Research Focus: Structural Engineering

Faculty Engaged in Structural Research


Paolo Bocchini, Ph.D., University of Bologna, 2008, Assistant Professor. Research interests include computational mechanics, probabilistic structural analysis, structural reliability, resilience and sustainability of infrastructure systems, bridge network analysis, structural health monitoring by guided ultrasonic waves.


John W. Fisher, Ph.D., Lehigh, 1964, Professor Emeritus. Research interests include structural connections; fatigue behavior of welded components; fracture analysis of steel structures; and behavior and performance of steel bridges.


Dan M. Frangopol, Sc.D., University of Liège, Belgium, 1976, Professor, Fazlur Rahman Khan Endowed Chair. Research interests include safety and reliability in structural engineering; optimal design and maintenance of civil infrastructure systems; bridge engineering and management based on life-cycle cost; damage assessment and safety evaluation of existing structures; and life-cycle performance-based reliability assessment of buildings, bridges, and marine structures.


Peter Mueller, Dr. sc. techn., ETH, Zurich, 1978, Associate Professor. Research interests include behavior of reinforced and prestressed concrete structures and truss models for concrete connections.


Clay Naito, Ph.D., P.E., University of California – Berkeley, 2000, Associate Professor. Research interests include experimental and analytical evaluation of reinforced and prestressed concrete structures subjected to extreme events, including earthquakes and intentional blast demands.


Shamim N. Pakzad, Ph.D., University of California – Berkeley, 2008, P. C. Rossin Assistant Professor. Research interests include structural health monitoring; wireless sensor networks; damage detection; system identification and signal processing; probabilistic methods in civil engineering and structural reliability; random vibrations and structural dynamics; and structural monitoring of large infrastructures and bridges.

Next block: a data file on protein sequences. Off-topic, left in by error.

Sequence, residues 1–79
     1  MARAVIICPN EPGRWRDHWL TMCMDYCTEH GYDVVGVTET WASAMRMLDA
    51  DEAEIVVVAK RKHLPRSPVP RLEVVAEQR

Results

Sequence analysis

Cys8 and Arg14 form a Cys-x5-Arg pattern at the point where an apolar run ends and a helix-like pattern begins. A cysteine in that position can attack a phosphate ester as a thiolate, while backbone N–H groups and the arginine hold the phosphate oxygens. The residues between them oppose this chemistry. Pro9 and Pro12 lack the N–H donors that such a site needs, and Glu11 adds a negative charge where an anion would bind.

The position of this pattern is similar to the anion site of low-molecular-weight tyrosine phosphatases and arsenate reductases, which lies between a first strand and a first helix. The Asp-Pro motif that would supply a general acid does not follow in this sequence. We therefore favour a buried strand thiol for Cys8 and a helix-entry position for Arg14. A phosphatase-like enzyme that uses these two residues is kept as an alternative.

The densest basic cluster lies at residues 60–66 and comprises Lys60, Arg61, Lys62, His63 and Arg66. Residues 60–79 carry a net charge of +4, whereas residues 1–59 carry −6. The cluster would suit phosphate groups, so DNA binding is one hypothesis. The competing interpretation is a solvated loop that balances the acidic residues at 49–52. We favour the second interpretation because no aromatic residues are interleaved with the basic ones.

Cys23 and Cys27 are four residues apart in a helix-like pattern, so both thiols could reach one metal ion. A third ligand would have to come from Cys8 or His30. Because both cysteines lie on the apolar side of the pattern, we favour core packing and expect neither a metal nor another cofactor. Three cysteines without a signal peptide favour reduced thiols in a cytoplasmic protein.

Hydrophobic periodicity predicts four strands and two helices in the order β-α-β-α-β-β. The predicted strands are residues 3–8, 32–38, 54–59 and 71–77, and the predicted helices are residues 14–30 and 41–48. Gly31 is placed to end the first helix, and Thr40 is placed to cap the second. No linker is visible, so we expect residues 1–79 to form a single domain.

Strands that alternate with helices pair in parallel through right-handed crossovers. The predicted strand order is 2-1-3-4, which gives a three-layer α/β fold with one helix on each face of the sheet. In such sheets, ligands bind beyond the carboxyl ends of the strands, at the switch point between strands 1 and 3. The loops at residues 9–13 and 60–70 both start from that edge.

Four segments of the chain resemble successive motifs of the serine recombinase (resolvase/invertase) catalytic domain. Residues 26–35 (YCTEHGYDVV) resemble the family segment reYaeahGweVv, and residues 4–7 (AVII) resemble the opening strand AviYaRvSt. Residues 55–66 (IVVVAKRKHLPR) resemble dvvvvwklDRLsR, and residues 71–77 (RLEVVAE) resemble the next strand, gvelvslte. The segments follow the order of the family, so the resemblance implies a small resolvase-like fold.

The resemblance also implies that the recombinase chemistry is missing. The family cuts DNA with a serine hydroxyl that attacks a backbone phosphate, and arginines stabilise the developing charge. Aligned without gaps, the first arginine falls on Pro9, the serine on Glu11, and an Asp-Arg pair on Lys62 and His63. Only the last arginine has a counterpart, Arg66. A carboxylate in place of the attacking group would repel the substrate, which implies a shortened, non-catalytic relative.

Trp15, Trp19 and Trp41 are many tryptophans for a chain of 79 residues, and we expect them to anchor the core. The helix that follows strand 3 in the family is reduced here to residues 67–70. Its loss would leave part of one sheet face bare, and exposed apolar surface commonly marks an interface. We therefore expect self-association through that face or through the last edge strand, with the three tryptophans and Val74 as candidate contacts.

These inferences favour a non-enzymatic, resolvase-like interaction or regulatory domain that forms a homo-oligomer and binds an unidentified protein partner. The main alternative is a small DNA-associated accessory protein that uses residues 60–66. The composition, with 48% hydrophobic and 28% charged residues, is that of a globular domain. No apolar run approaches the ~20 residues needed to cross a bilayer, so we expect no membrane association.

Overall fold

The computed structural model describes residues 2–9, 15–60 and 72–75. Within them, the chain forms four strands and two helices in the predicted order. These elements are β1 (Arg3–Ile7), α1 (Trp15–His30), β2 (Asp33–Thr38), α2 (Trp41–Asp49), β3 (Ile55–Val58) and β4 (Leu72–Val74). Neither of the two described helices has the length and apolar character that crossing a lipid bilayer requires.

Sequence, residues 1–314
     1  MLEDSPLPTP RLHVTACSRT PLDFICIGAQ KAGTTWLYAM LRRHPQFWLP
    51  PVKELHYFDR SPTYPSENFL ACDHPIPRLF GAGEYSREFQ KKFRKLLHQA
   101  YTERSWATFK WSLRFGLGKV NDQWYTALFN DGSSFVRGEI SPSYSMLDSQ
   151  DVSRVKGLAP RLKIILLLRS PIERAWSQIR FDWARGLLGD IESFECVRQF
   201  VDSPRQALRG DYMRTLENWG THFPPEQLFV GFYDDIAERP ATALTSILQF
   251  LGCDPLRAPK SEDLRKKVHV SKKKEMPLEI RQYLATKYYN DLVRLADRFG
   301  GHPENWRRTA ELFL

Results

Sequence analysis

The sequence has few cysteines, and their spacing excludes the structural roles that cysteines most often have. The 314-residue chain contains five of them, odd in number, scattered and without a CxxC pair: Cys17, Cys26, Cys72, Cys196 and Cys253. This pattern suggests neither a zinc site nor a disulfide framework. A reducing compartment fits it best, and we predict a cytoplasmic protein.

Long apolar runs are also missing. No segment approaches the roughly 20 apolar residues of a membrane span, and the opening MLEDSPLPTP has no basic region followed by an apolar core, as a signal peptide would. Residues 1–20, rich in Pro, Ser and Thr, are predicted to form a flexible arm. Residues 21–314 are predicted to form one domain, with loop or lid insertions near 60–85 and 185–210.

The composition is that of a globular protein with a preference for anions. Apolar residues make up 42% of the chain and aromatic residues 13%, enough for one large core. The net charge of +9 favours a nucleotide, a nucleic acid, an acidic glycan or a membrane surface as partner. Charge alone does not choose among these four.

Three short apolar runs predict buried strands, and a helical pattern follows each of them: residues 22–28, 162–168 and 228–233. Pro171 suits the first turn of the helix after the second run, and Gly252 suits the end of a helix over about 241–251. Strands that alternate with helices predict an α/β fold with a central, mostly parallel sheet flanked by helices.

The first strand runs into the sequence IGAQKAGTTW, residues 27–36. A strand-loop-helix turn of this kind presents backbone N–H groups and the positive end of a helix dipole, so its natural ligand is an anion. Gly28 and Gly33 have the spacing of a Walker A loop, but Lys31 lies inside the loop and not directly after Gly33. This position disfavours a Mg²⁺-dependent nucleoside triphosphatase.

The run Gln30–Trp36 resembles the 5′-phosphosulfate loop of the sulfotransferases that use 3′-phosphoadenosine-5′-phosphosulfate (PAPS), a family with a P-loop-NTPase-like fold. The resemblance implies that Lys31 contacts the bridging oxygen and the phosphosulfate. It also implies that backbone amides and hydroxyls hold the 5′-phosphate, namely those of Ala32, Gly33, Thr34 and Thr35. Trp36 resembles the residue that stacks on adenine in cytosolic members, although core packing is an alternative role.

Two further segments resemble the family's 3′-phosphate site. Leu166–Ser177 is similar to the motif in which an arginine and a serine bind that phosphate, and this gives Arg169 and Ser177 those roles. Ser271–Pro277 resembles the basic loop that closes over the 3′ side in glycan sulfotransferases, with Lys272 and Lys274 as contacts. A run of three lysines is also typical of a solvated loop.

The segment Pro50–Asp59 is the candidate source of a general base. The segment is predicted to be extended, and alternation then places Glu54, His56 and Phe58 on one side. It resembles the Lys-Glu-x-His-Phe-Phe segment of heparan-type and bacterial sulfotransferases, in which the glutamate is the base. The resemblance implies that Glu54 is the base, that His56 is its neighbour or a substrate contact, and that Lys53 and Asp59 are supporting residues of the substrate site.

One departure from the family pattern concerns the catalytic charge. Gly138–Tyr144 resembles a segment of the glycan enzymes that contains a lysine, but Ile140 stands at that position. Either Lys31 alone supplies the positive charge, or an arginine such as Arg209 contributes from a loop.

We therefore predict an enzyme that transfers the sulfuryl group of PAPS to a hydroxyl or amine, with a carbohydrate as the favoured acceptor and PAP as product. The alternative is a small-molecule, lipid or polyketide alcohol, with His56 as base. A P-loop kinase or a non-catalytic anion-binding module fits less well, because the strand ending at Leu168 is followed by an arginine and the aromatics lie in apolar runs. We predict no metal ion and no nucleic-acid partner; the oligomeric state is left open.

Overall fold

Stephen Pessiki; Ph.D., Cornell, 1990, Professor. Research interests include behavior and design of structures; nondestructive evaluation of materials and structures; fire effects on structures; earthquake engineering; innovative building systems; and thermal performance of building envelopes.


Spencer Quiel, Ph.D., P.E., Princeton University, 2009, Assistant Professor. Research interests include structural resistance to extreme loads, particularly fire and blast; design of structures to resist progressive collapse; structural robustness and resilience; and the development of improved design standards via experimental testing and computational analysis.


James M. Ricles, Ph.D., University of California – Berkeley, 1987, Bruce G. Johnston Endowed Professor. Research interests include seismic response and retrofit of steel or composite steel-concrete connections, components and systems; innovative advanced structural systems for seismic hazard mitigation; real-time hybrid testing for simulation of dynamic loading; structural applications of advanced materials; behavior of steel structures at elevated temperatures; and repair of damaged or deteriorated offshore structures.


Richard Sause, Ph.D., University of California – Berkeley, 1989, Joseph T. Stuart Professor. Research interests include application of high-performance materials; innovative structural systems; highway bridges and structures; earthquake-resistant and blast-resistant structures; and simulation of structural dynamic response.


Muhannad Suleiman, Ph.D., Iowa State University, 2002, Assistant Professor. Research interests include soil-structure interaction; foundation engineering; underground structures; ground improvement; advanced sensors and instrumentation; pervious concrete; and sustainable geotechnical and foundation systems.


John L. Wilson, Ph.D., Pittsburgh, 1972, Professor. Research interests include collaborative information systems; computer modeling of complex systems; life-cycle process models; and behavior of structural members and systems.

Integrated Framework for the Application of Probabilistic Optimization Technology (POTech) to Weapons:  Emphasis on Modeling and Simulation

Principal Investigator: Dan Frangopol
Co-Principal Investigator: Paolo Bocchini
Funded by the Pennsylvania Innovation Enterprise/Pennsylvania Innovation and Advanced Technology Association

The goal of the project is to assess and improve the reliability of weapon systems with various degrees of complexity. This is achieved by developing computational models, calibrated with experimental data, to perform probabilistic analyses and optimize the design and maintenance plan of the systems.

Development of Characterization of Failure Modes for Mechanical Components

Principal Investigator: Dan Frangopol
Funded by Progeny Systems Corp. for the Office of Naval Research